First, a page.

More recently, in July 2016 the Conservative controlled Spelthorne Council (just across the River Thames from Elmbridge) went through the same exercise involving an Independent Remuneration Panel review of their Councillor Allowances. At Spelthorne, however, the Conservative administration chose to increase the basic allowance by an amount which actually exceeded the increase recommended by the Panel. The basic allowance at Spelthorne will now amount to £5785, which is considerably higher than that paid to Councillors carrying out similar duties in Elmbridge. 

 This background suggests that the approach the Conservatives have belatedly chosen to adopt at Elmbridge is motivated by local political considerations, rather than any point of principle.

 The Conservative newsletter also linked the proposed increase in Councillor allowances with increases in costs for services for the elderly. Again, the reality is somewhat different. The additional expenditure on Councillor allowances will be minimal in terms of the Council’s overall budget, and is offset by the decision taken by the current administration to reduce the number of Cabinet posts from ten to nine. The increase in the cost of meals and transport for the elderly had had to be increased primarily because the Conservative controlled Surrey County Council has chosen to withdraw over £300,000 of grants which they had previously agreed to provide to support these services. In spite of this, however, only a third of this amount has been passed on in terms of increased charges, because Elmbridge Council has been able to increase the Council’s own support for services for the elderly by £200,000.

Finally we would point out that, unlike other Councillors, the Molesey Residents Association requires its members to pay the cost of their election expenses out of their allowances. This means that those costs are paid by the Councillors personally, and not by the Association.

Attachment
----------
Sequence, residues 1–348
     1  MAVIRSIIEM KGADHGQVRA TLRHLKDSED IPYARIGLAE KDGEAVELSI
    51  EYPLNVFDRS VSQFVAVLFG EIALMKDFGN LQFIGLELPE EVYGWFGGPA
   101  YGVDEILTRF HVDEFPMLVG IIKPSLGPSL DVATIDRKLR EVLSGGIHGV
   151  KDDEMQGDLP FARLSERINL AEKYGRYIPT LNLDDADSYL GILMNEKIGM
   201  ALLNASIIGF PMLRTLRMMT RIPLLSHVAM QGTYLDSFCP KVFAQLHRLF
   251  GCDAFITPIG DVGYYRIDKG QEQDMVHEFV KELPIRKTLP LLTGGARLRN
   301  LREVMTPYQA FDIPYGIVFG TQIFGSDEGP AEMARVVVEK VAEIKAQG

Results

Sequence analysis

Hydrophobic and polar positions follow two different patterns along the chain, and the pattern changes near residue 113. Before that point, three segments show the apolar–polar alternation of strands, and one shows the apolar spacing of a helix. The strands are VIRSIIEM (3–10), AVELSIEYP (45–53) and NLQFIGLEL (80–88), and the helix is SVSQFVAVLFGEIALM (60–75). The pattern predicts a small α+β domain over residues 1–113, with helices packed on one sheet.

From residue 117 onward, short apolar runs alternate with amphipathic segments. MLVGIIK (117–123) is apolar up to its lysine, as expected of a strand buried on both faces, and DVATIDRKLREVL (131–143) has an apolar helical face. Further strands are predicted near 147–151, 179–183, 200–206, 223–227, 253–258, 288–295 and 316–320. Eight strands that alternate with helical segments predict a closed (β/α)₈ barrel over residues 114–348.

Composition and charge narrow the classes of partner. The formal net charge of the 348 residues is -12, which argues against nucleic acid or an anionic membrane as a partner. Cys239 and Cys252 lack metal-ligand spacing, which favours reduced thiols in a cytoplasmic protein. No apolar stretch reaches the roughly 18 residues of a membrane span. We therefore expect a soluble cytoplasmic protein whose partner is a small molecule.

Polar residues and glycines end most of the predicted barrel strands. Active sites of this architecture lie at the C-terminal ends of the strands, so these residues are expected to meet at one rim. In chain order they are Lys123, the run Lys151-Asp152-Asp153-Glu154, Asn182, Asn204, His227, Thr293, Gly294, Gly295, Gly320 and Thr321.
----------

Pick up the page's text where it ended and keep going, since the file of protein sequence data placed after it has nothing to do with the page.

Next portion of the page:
We hope this has helped to explain the position. 

05/02/2017 Heathrow public consultation – deadline 28th February

Heathrow consultation, deadline 28th February and link to this very useful website and document: http://hacan.org.uk/

The Department of Transport has launched three important consultations:

– On the 3rd runway
– On airspace policy and other key noise issues
– On night flights

The deadline for responding to the night flight consultation is 28th February.  The deadline for the other two is 25th May.

Below we detail the consultations and include links to short briefings HACAN has produced to help you to respond to each one.

If you just want to do a brief response to any one of them, this should help: http://hacan.org.uk/wp-content/uploads/2013/06/Consultations-at-a-glance.pdf

Note: The Department is staging around 20 public exhibitions covering the 3rd runway and airspace consultations.  Here is the list: http://hacan.org.uk/wp-content/uploads/2013/06/Consultation-Information-Events.pdf

Public exhibition to be held in Kingston on Wed 15th February 2017

24/11/2016 – Boat by Molesey Lock – Correction

There were some inaccuracies in our previous newsletter about the large boat which has been moored by Molesey Lock.  It was not correct to describe the boat as illegal, or to suggest that the owner had been ordered to move it (we understand he agreed to do so voluntarily).

Local residents have continued to contact us about the boat, and we will be adding updated information shortly.”

23/11/2016 – New tool for tracking planes flying over Molesey

Today Heathrow Airport have launched a new online tool called xPlane which allows you to find out exactly what kind of aircraft from Heathrow fly over your location, when and how often.
xPlane adds to our other map-based tools, Webtrak and Webtrak ‘My Neighbourhood’, to provide you with more information about the planes using Heathrow’s flight paths.
You can find out more on their website here: